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Rays leaving behind their home of nine years

Jane Reuter

SILVERTHORNE – Robert and Fran Penner Ray believe their lives in Summit County have come full circle.

Robert started his job with Northwest Colorado Council of Governments (NWCCOG) on June 1, 1993. He leaves it exactly nine years later on May 31.

Fueled by her opposition to the Silverthorne Super Wal-Mart, Fran campaigned for and won a seat on the town council in April of 1998. Last week, she scooped a ceremonial shovel of dirt to herald the Target groundbreaking.

It’s a fitting way, they think, to end their time here. The family, which includes the couple’s two teen-aged children, will move in June to Helena, Mont.

Robert has accepted a job there as a watershed management section supervisor with the state of Montana. He will help repair waterways that are in poor shape, much as he did in Silverthorne in his job with NWCCOG.

“It was time for a change,” Robert said. “Sometimes, you need to get pushed into change.”

Funding for Robert’s position with NWCCOG has been growing increasingly more tenuous, and he did not see the situation improving. Last fall, he began searching for other jobs. Ideally, he had hoped to find a position in Summit County, but instead, he landed one in Montana.

He leaves for Helena at the end of the month. Fran, who teaches English to non-English-speaking students at Dillon Valley Elementary, will move with the children in late June.

“We’re greatly sad to leave,” Fran said, “but possibilities are taking us out of the state.”

Both Rays have been actively involved in Summit County; Robert serving on the county’s open space committee and the Lower Blue Planning Commission, and Fran immersing herself in Silverthorne politics.

“I’ve heard people say we’ve made a significant difference,” Robert said.

Fran was recently elected to a second term on the council, a position she said she would not have sought had she known the family was leaving the county. Nevertheless, she said she’s enjoyed her time as a council member.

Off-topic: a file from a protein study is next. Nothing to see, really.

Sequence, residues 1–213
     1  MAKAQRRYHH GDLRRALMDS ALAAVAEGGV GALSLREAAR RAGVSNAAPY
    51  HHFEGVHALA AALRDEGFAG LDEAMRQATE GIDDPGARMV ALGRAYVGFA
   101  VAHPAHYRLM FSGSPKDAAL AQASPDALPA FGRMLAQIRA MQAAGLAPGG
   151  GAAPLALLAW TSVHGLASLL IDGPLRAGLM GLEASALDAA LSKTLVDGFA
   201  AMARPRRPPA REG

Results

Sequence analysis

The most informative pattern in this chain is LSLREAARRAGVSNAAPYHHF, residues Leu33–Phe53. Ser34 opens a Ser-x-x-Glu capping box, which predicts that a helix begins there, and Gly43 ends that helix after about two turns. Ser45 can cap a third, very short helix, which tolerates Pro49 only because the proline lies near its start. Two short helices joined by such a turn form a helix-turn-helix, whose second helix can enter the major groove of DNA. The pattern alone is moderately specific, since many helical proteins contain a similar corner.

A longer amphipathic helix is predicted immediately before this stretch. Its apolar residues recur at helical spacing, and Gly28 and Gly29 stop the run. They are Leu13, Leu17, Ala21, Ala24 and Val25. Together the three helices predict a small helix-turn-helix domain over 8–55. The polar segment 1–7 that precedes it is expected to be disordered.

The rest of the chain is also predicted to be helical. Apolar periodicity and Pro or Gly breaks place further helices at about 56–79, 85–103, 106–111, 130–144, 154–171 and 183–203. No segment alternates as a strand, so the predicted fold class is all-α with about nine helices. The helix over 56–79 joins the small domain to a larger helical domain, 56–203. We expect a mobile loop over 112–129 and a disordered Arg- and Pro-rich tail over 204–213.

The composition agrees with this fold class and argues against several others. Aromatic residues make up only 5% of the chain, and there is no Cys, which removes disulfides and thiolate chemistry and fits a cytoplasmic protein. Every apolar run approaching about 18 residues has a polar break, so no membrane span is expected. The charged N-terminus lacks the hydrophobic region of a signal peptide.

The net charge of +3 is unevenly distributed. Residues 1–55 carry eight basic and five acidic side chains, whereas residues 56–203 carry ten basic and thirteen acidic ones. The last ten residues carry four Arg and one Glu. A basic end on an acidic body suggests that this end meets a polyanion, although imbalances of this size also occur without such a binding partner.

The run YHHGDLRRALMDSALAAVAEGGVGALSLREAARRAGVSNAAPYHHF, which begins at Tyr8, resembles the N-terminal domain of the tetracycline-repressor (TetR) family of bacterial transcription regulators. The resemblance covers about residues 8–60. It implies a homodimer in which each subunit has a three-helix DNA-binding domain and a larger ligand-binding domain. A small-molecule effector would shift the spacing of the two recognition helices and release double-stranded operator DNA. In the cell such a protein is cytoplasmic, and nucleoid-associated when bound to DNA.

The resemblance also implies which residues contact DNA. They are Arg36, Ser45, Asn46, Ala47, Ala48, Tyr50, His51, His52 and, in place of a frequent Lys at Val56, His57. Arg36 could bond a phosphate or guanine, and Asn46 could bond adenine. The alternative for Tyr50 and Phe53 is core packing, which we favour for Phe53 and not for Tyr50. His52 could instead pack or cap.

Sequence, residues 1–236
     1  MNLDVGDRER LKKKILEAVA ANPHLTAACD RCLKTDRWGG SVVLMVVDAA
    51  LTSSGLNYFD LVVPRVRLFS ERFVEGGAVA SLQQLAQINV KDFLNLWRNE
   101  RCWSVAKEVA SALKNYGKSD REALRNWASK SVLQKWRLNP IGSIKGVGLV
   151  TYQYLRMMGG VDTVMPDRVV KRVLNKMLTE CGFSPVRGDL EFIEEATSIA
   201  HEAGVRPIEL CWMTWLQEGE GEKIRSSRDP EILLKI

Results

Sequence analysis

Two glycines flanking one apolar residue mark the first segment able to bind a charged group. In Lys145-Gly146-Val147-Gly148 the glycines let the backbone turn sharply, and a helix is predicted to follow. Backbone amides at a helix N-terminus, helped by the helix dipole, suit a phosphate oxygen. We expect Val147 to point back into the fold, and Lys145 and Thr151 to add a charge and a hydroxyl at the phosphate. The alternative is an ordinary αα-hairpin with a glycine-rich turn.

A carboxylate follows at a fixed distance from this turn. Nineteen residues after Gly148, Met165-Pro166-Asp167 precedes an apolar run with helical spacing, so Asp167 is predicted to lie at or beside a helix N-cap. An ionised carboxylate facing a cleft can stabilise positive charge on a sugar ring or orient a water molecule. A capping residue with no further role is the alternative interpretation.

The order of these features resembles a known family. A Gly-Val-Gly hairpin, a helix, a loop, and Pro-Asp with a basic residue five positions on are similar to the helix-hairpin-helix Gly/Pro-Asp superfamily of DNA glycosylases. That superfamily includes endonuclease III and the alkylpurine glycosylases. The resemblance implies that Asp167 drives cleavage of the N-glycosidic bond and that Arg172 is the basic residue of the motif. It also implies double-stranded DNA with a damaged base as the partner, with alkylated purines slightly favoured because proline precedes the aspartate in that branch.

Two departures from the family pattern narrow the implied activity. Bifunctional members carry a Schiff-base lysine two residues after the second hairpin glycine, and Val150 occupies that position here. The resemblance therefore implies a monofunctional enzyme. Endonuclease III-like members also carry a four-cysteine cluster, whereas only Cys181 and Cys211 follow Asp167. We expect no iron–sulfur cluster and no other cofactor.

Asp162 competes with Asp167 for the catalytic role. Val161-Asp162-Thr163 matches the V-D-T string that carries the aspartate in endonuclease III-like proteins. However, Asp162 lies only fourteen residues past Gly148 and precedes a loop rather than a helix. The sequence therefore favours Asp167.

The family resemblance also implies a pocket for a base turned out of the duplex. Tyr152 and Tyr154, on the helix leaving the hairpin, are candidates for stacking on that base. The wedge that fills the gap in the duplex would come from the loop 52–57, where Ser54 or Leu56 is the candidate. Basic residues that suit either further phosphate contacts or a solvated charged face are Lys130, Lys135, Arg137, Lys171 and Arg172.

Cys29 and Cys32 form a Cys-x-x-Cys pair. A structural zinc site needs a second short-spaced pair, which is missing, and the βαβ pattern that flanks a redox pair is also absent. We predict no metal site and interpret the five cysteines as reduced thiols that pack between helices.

“I think truly the perspective I brought to town council was different,” she said. “I don’t have any qualms with labeling myself an environmentalist or a feminist. We worked well together as a team on town council. There was a lot of respect. That doesn’t always happen for women in politics.”

Better still, Fran said, she can look around the town and see physical proof of the council’s work.

“I look at the pavilion and the library as two of the best things we did because they bring people together,” she said. “It’s also the little things. When I saw the plans for the women’s bathroom in the pavilion, I said, “We don’t need as many sinks as toilets.’ And because of that comment, they changed the plans.”

As a result, a line in the women’s restroom at the pavilion is rarely an issue.

“I’m proud of that,” Fran said.

“I think I made a difference in the work I was doing, too,” Robert said. “The Northwest Colorado Council of Governments was really satisfying.”

He pointed specifically to a wetlands and water quality protection project he coordinated with the towns of Dillon and Silverthorne.

Fran’s last meeting with the Silverthorne Council is Wednesday.

“I think it’s going to be a challenge for the council to figure out who’s a right fit for my seat,” she said. “And I think the council will need to reconcile some differences.”

Despite the couple’s involvement in politics here, neither of the Rays plan to become politically active in Helena, a city of 35,000.

Robert said his job will be sufficiently political. And Fran said she would be satisfied with serving on a library board.

“I told (son) Cullen I would advocate for a disc golf course if they don’t have one,” she said.

Jane Reuter can be reached at 668-3998, ext. 229, or by e-mail at jreuter@summitdaily.com


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